By Sara Sorcher
June 26, 2012
With no sign of compromise on Capitol Hill for a deal on the budget deficit and debt, National Journal's National Security Insiders are hedging on whether the across-the-board defense cuts that Pentagon officials have warned would be devastating to the military's capabilities will actually happen.
Amid talk that members might punt a budget deal into next year, 49 percent of Insiders said the so-called sequester mandating $600 billion in cuts over the next decade is "somewhat likely" to take effect.
"Washington will work hard to avoid a sequester that no one wants. If the financial crisis deepens and spreads, however, there may be little politicians can do to stop it," one Insider said.
Others were less sure of Congress's capabilities--and doubted its commitment to finding a solution. "The current Congress has consistently shown an inability to perform even the most basic tasks of governing. Both sides seem content to score points and [settle] scores rather than solving problems," one Insider said. "Sequester would be devastating, but I have no confidence in the Congress and the administration's capacity to fix it."
Thirty-one percent of Insiders said that the sequester is unlikely to take effect, with many counting on the lame-duck session for a temporary solution to stave off the deepest cuts and leave decision-making to the next Congress. That could leave a $57 billion cut hanging over the Pentagon’s head.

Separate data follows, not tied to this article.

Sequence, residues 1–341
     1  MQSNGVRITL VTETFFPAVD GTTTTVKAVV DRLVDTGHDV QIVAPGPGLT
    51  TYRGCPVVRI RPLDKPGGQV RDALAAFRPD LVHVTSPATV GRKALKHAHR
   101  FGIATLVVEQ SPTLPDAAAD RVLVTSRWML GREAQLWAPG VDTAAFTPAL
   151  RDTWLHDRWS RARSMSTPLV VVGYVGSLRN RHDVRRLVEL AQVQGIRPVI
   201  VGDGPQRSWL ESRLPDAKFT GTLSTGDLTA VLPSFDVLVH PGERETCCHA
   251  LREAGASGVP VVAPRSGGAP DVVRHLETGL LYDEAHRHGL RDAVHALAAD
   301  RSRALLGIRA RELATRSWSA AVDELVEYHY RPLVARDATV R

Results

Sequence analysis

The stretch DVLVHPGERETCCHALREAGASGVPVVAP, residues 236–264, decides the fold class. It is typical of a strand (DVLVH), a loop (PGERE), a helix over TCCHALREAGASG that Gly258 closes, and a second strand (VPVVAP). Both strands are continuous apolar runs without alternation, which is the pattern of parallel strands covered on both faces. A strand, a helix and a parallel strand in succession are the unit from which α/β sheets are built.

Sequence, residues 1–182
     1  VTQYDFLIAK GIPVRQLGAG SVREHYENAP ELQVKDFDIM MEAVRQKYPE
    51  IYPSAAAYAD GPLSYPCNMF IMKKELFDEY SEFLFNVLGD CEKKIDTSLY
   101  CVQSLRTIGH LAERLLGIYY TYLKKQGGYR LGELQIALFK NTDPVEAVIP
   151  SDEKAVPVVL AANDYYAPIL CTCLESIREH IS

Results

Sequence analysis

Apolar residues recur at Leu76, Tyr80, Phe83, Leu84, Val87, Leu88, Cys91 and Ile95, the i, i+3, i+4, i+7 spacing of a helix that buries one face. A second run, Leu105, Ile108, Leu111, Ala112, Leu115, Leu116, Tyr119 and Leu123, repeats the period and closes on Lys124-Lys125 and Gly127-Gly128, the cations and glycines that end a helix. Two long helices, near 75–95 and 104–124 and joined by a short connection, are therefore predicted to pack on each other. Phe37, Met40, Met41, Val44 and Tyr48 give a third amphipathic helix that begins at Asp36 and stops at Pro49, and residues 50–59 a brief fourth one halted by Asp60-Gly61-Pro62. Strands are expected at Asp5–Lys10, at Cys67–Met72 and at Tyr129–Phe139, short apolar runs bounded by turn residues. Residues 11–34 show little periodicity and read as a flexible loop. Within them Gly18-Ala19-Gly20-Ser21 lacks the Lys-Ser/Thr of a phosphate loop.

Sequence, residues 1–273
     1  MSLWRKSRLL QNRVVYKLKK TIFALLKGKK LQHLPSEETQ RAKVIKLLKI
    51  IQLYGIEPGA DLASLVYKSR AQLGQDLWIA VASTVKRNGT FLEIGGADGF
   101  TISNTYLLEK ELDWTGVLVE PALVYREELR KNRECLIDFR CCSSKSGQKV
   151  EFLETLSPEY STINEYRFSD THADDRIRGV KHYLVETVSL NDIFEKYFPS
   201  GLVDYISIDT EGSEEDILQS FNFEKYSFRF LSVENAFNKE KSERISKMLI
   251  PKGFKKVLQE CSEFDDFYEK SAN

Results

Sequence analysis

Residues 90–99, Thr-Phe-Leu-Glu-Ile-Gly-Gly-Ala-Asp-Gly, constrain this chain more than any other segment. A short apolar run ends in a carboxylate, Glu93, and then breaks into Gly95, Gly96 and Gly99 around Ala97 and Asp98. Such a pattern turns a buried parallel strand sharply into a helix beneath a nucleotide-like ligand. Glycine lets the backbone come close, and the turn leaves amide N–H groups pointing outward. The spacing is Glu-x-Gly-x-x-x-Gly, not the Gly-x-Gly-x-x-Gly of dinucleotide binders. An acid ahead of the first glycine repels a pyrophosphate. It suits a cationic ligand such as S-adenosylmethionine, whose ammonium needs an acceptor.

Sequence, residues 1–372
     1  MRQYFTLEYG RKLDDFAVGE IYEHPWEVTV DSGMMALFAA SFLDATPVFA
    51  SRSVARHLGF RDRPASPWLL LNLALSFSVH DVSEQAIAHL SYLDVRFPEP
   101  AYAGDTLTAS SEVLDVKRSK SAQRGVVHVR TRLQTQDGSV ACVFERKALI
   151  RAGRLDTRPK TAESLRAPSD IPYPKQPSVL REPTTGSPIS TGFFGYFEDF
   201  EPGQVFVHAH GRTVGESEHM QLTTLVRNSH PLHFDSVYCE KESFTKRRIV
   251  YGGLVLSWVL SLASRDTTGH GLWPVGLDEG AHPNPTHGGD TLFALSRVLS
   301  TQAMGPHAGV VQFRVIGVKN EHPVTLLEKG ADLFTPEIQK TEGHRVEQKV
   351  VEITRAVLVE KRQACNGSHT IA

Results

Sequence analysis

Both the defense industry and the Pentagon have to notify their workers no later than Nov. 2 -- just four days before the election -- if there will be layoffs due to the sweeping cuts. "All but the dimmest politicians in the safest seats will recognize that they must kick the sequester can down the legislative road for at least another year," one Insider said.
Twenty percent said that sequestration is very likely. "Until the votes are there to change it, sequestration is the law, and it will kick in before a fix gets the needed votes," one Insider said. "The usual congressional action, punting, will result in a debt-rating downgrade, and increased interest rates are worse than sequestration."
Separately, 71 percent of Insiders said that the European debt crisis will have a big impact on Europe's capacity to shoulder military obligations as part of NATO. "The United States has been shouldering the financial and physical costs of ensuring European security since WWII. The Euro crisis and drawdown in Afghanistan give NATO partners a great excuse to reduce Europeans' contributions to NATO," one Insider said.
Strong economies are essential to the security of NATO, another added. "Expect the financial crisis to lead to a significant restructuring of military obligations."
Others were less sure about the degree of impact. "With or without money, the Europeans will NOT spend it on defense."
See the rest of the survey results at the National Journal.
By Sara Sorcher
June 26, 2012